'So good, so good': Will Swenson and cast shine in rousing, Broadway-bound Neil Diamond bio-musical

·3 min read

Show: “A Beautiful Noise, The Neil Diamond Musical”

Written by: Anthony McCarten, with music and lyrics by Neil Diamond; directed by Michael Mayer with music supervision and arrangements by Sonny Paladino

What it’s about: This Broadway-bound new musical explores superstar Diamond’s rise to fame and personal highs and lows by using his hits both as concert-style numbers and to tell parts of his story. With an unexpected opening that pulls you right in, the show’s effective framing device has an anchoring Doctor (an empathetic Linda Powell) explore Diamond’s lyrics to get an aged “Neil-Now” (Marc Jacoby) to open up about what went right and what went wrong for the man who was best able to say how he felt with a song.

Will Swenson stars as Neil Diamond in the Boston premiere of the headed-to-Broadway musical "A Beautiful Noise, The Neil Diamond Musical."
Will Swenson stars as Neil Diamond in the Boston premiere of the headed-to-Broadway musical "A Beautiful Noise, The Neil Diamond Musical."

See it or not: Diamond fans will particularly thrill to Broadway star Will Swenson’s uncanny and layered re-creation of Diamond’s speaking and singing voice and style as “Neil-Then” — and his electric renditions of favorites from the guitar-driven “Kentucky Woman” to a stadium-style version of “Brother Love’s Travelling Salvation Show.” How McCarten tells this story, including a welcome dose of humor, and Michael Mayer’s directorial vision (particularly in the use of the ensemble) make this a stronger than usual entry in the crop of jukebox stage musicals.

Highlights of the show: While Swenson winningly channels the Diamond we’ve heard — with top numbers including “Solitary Man,” “Cracklin’ Rosie” and “Holly Holy” — Jacoby provides the emotional heft as the older Neil poignantly trying to work through his regrets for the mistakes he made and the people he hurt. Jessie Fisher as first wife Jaye Posner and Robyn Hurder as second wife Marcia Murphey both impress with their voices and delivery (though Hurder’s character could be more well-rounded if she toned down the sensual moves), and Bri Sudia shines as both wise-cracking producer Ellie Greenwich then fearful mother Rose Diamond.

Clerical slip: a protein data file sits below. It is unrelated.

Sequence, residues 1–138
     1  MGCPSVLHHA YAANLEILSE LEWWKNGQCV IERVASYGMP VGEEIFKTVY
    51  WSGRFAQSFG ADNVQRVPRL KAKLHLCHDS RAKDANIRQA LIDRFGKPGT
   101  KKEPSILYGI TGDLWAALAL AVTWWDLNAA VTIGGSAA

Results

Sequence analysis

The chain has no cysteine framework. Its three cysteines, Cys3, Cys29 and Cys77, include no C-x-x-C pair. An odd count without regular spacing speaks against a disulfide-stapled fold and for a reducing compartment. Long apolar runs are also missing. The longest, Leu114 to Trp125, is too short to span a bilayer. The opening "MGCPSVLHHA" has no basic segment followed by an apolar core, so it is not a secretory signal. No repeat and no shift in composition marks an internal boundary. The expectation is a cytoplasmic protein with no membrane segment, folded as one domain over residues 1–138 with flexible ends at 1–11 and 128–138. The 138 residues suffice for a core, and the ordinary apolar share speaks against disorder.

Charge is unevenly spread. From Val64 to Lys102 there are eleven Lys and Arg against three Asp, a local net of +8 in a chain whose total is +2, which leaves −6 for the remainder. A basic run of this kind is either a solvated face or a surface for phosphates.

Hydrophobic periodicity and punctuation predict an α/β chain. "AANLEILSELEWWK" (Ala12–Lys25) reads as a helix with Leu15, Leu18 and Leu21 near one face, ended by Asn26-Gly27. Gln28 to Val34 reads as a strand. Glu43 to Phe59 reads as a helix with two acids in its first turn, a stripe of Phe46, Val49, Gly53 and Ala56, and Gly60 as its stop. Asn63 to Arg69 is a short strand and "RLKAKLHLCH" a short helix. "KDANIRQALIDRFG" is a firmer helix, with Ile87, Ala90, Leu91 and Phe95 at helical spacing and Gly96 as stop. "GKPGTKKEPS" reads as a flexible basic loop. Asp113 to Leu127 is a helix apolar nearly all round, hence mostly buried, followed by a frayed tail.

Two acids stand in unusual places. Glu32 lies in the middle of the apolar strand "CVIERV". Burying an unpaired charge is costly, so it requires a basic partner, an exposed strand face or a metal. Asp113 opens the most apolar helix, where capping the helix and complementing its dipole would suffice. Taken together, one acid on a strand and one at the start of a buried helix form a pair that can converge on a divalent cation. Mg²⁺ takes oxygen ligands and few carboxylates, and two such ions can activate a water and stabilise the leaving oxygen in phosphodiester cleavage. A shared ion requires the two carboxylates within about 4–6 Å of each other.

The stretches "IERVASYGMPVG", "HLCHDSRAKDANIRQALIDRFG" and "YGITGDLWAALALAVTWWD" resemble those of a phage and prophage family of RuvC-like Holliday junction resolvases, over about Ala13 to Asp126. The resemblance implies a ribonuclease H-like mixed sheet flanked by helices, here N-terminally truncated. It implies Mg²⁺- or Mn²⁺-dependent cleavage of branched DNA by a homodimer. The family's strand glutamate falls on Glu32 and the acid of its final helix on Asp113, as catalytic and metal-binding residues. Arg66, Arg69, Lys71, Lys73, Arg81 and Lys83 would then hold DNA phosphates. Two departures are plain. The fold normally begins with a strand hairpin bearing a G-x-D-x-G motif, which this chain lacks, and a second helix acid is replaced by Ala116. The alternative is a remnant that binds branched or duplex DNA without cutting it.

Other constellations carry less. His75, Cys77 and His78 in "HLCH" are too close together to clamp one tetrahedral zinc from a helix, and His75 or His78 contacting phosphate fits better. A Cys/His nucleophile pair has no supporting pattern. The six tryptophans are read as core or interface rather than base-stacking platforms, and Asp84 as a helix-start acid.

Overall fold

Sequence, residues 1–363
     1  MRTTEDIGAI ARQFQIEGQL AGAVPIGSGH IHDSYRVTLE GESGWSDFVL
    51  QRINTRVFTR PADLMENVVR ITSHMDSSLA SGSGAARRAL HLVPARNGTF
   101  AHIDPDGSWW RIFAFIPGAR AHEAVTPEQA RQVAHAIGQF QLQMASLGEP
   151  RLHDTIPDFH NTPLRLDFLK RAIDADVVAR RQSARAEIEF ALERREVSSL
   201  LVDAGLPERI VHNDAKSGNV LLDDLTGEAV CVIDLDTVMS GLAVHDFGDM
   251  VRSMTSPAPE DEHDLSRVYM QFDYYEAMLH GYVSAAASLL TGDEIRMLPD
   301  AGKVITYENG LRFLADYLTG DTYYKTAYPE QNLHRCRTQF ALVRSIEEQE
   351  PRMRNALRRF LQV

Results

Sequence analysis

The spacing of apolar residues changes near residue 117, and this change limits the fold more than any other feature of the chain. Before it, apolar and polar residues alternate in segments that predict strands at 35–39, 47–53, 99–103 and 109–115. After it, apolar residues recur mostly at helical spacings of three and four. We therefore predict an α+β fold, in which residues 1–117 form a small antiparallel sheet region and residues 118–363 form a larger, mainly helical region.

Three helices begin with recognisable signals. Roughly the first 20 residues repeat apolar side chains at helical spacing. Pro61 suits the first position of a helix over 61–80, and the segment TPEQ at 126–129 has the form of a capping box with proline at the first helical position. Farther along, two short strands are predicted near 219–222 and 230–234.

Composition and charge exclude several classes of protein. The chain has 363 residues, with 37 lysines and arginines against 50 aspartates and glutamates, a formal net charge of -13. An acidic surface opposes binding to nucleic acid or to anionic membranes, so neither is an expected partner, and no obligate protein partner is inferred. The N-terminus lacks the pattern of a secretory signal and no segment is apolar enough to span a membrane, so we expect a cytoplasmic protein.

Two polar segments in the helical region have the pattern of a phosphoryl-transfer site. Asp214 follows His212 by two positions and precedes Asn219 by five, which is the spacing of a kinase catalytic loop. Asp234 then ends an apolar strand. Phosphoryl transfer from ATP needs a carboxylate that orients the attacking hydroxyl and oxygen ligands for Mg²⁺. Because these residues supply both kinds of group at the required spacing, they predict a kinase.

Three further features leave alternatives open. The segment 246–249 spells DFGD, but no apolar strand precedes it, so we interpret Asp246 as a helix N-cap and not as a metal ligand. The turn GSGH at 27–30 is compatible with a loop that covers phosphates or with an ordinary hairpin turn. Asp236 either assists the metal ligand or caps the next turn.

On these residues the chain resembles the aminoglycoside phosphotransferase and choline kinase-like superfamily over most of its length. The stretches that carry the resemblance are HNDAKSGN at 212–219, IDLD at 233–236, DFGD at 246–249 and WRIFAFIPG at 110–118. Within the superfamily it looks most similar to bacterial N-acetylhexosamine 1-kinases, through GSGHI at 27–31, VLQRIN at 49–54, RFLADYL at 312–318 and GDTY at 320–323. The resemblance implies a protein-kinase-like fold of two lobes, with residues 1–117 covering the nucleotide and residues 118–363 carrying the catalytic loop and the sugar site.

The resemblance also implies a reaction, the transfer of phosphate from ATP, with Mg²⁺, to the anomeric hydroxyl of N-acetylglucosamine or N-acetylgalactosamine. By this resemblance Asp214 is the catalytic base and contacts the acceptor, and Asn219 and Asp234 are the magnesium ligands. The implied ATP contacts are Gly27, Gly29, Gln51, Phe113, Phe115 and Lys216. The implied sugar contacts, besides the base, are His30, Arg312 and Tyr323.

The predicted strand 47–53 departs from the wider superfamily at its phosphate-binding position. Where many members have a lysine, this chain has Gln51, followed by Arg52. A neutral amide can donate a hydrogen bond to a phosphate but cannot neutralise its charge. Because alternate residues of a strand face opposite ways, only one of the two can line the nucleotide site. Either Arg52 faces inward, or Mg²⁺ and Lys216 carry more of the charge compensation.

Fun fact: New Zealand-born writer McCarten has four Academy Award nominations, including for 2018’s “Bohemian Rhapsody,” about Queen and lead singer Freddie Mercury. Other bio-pic credits, though, are far from the music world: “The Theory of Everything,” about scientist Stephen Hawking; “The Two Popes,” about Pope Benedict XVI; and “The Darkest Hour,” about Winston Churchill.

Worth noting: From a wow of an opening, the energy and exuberance of the outstanding 10-member ensemble goes far in setting this bio-musical apart. Steven Hoggett’s choreography for the group adds a contemporary spin to the classic songs and fills the stage with emotion.

One more thing: With its Red Sox connection, Diamond’s “Sweet Caroline” is, of course, a huge crowd-pleaser and sing-along for a Boston audience, and no other city will likely give Swenson’s rousing rendition quite as huge a reception. The song might not resonate quite as well with New York audiences when the show debuts on Broadway in November, but, really, who can resist a song that is “so good, so good”?

If you go: Through Aug. 7 at the Emerson Colonial Theatre, 106 Boylston St., Boston; https://www.emersoncolonialtheatre.com/

This article originally appeared on Cape Cod Times: Neil Diamond Broadway-bound musical: Will Swenson, cast wow in songs